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Blood vessels via reprogramming of peripheral blood cells (funded by the FWF / Herzfelder Stiftung)

Today’s vascular replacement materials are associated with several limitations, including thrombogenicity, calcific degeneration and lack of growth. The Weber group and others have previously shown the feasibility to engineer functional bioengineered blood vessels, heart or venous valves in vitro based on autologous cell systems and rapidly degrading polymer materials. However, in spite of the promising experimental results, no clinical trials based on the in vitro tissue engineering approach have been initiated so far due to the lack of an appropriate cell source. Initially, mature vascular-derived cell shave been isolated from patients, which requires the harvest of intact donor tissue. In the attempt of establishing less invasive cell sources, mesenchymal stem cells (MSCs) have been isolated. In a series of studies the feasibility of using MSCs for the vascular tissue engineering approach has been demonstrated. However, also these cells are associated with significant limitations: Fetal adnexal tissues are limited to prenatally diagnosed defects only and postnatal MSCs also require additional surgical interventions. In addition, MSCs have been used to generate the interstitial component of vascular constructs. However, derivation of endothelial cells from these sources in sufficient quantities seems difficult. On the contrary, peripheral blood-derived mononuclear cells (PBMCs) would represent an ideal cell source for vascular tissue engineering as they are easily and repeatedly accessible in large numbers. Direct isolation of all vascular cell phenotypes in sufficient amounts required for tissue engineering from peripheral blood hasn’t been feasible so far. The recently emerged technology of “induced pluripotent stem cells” (iPSCs) may have the potential to overcome this hurdle as they would allow for the generation of autologous patient-specific cells with a desired (vascular) phenotype. Therefore, the presented project aims at generating tissue engineered vascular replacement constructs from vascular cells that were differentiated out of PBMC-derived iPSCs. After culturing the constructs under dynamic flow and pressure conditions, we will evaluate their biomechanical properties as well as the extracellular matrix composition and compare them with constructs generated from vascular control cells. Finally, the engineered constructs will be evaluated in a murine animal model to confirm in vivo functionality of the engineered tissues. This approach would allow for using peripheral blood as a single autologous cell source for in vitro engineering of large diameter vascular grafts in the future.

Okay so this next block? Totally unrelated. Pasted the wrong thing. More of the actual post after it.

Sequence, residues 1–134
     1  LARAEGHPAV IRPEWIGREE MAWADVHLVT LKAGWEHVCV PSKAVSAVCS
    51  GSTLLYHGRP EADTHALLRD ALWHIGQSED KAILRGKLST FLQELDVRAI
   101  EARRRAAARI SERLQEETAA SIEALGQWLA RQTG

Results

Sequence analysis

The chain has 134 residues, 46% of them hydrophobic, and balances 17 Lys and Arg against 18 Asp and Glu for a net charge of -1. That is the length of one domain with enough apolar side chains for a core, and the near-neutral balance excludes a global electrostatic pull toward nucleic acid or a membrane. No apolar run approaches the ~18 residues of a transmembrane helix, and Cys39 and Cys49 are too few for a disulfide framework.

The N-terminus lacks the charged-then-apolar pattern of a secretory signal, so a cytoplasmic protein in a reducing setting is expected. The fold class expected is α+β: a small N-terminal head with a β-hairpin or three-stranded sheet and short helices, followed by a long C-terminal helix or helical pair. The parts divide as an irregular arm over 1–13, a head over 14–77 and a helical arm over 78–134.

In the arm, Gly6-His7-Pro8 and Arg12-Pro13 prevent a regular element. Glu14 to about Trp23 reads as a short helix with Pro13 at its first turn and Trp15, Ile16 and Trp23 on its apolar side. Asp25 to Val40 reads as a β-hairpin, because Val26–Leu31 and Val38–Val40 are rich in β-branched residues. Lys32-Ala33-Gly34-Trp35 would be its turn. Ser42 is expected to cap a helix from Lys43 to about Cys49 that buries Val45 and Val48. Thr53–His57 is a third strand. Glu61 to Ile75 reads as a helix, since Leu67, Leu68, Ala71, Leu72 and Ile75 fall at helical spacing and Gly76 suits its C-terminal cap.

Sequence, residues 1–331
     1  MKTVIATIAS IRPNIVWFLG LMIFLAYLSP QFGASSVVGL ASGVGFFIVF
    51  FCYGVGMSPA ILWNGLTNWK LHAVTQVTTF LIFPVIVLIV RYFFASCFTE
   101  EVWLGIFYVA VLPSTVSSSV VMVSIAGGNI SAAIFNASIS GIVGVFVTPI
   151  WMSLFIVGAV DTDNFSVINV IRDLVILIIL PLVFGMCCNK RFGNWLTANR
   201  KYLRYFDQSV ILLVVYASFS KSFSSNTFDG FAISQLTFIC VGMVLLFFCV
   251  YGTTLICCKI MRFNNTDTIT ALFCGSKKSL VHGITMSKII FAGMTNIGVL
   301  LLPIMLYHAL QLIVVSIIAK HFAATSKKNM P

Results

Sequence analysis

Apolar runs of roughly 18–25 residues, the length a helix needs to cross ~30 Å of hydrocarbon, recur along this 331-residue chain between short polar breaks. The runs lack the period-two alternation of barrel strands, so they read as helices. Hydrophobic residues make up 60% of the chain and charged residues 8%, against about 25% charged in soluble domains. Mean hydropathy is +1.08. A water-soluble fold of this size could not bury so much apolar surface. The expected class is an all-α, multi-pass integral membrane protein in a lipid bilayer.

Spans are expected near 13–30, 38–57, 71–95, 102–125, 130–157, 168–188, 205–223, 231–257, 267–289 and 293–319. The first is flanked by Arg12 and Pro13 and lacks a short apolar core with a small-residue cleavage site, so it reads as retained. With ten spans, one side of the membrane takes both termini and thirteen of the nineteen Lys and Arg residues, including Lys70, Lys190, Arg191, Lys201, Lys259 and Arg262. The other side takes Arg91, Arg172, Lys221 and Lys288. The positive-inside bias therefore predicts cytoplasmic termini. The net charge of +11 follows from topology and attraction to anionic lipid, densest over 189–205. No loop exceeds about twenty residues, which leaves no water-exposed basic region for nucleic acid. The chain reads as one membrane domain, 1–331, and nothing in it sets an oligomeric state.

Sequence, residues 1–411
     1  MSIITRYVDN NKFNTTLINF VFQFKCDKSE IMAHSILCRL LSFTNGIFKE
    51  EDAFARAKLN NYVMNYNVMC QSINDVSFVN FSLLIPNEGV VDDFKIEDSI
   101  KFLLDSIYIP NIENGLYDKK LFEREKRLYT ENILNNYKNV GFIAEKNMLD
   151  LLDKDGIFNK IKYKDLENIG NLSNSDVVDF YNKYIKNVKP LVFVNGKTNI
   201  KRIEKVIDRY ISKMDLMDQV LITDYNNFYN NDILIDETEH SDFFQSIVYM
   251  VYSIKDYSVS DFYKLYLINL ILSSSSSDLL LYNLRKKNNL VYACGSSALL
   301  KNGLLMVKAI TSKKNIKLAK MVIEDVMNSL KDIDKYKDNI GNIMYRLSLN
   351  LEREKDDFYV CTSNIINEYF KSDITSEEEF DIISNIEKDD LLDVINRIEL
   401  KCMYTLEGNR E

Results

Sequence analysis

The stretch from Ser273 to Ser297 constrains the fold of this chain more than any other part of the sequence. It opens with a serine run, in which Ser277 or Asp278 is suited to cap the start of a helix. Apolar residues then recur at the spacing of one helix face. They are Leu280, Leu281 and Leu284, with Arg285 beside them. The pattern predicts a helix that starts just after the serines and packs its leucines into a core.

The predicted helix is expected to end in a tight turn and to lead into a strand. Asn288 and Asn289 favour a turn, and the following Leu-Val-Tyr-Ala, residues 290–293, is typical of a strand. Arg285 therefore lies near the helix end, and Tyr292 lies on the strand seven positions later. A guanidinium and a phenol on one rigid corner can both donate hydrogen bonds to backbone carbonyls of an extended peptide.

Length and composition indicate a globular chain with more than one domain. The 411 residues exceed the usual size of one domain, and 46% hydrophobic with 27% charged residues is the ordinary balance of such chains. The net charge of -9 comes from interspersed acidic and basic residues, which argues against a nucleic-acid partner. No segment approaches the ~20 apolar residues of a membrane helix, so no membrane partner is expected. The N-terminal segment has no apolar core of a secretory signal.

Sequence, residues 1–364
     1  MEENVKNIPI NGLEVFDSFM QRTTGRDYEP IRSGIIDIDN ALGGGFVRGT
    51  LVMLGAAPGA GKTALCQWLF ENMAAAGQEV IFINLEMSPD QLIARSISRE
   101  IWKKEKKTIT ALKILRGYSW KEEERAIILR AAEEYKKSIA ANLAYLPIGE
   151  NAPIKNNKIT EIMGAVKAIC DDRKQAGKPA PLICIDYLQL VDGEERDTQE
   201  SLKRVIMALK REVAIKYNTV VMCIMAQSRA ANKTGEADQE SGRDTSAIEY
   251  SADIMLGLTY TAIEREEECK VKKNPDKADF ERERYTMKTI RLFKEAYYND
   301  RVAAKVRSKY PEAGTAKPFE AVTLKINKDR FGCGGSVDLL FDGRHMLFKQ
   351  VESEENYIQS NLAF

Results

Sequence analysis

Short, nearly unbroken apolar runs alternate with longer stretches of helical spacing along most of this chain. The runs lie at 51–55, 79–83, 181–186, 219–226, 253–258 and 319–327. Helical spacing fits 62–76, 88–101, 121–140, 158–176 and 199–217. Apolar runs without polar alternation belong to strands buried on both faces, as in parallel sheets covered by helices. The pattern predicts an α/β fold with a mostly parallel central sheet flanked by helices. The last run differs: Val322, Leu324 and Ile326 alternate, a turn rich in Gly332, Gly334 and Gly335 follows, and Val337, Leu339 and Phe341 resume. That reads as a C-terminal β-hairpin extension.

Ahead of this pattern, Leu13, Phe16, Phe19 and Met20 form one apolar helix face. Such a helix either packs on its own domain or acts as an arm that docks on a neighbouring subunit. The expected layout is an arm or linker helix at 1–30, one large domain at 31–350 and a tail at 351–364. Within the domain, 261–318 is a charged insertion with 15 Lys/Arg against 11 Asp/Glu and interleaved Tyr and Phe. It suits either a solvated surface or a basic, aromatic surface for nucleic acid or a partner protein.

• Daria Marolt (Ludwig Boltzmann institute for experimental and clinical traumatology, Vienna, Austria)
  • Melanie Generali (Institute for Regenerative Medicine, University and ETH Zurich, Switzerland)
  • Reiner Wimmer (Institute of Molecular Biotechnology, Penninger group, Vienna, Austria)
  • Stem Cell Core Facility, Institute of Molecular Biotechnology, Vienna, Austria